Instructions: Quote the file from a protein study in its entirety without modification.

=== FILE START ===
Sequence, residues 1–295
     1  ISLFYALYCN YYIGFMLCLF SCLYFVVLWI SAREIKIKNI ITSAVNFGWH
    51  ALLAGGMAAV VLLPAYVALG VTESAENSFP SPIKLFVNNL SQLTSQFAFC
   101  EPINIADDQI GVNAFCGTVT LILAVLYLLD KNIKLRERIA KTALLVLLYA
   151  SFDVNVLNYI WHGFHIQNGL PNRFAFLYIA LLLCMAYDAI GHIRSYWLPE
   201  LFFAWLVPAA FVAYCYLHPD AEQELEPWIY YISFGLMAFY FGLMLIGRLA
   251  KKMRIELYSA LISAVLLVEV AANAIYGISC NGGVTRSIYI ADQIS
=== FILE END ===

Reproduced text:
Sequence, residues 1–295
     1  ISLFYALYCN YYIGFMLCLF SCLYFVVLWI SAREIKIKNI ITSAVNFGWH
    51  ALLAGGMAAV VLLPAYVALG VTESAENSFP SPIKLFVNNL SQLTSQFAFC
   101  EPINIADDQI GVNAFCGTVT LILAVLYLLD KNIKLRERIA KTALLVLLYA
   151  SFDVNVLNYI WHGFHIQNGL PNRFAFLYIA LLLCMAYDAI GHIRSYWLPE
   201  LFFAWLVPAA FVAYCYLHPD AEQELEPWIY YISFGLMAFY FGLMLIGRLA
   251  KKMRIELYSA LISAVLLVEV AANAIYGISC NGGVTRSIYI ADQIS